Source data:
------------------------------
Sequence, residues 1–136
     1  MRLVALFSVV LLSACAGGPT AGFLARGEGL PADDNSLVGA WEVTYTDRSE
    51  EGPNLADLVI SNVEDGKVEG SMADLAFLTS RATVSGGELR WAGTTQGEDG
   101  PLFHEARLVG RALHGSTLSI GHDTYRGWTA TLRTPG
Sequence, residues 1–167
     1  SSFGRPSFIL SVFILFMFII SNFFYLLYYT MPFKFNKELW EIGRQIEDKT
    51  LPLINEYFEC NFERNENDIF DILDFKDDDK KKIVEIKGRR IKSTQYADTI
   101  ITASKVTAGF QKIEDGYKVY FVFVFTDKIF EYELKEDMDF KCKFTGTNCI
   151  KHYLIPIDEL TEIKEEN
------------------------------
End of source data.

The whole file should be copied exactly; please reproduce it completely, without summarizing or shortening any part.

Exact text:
Sequence, residues 1–136
     1  MRLVALFSVV LLSACAGGPT AGFLARGEGL PADDNSLVGA WEVTYTDRSE
    51  EGPNLADLVI SNVEDGKVEG SMADLAFLTS RATVSGGELR WAGTTQGEDG
   101  PLFHEARLVG RALHGSTLSI GHDTYRGWTA TLRTPG
Sequence, residues 1–167
     1  SSFGRPSFIL SVFILFMFII SNFFYLLYYT MPFKFNKELW EIGRQIEDKT
    51  LPLINEYFEC NFERNENDIF DILDFKDDDK KKIVEIKGRR IKSTQYADTI
   101  ITASKVTAGF QKIEDGYKVY FVFVFTDKIF EYELKEDMDF KCKFTGTNCI
   151  KHYLIPIDEL TEIKEEN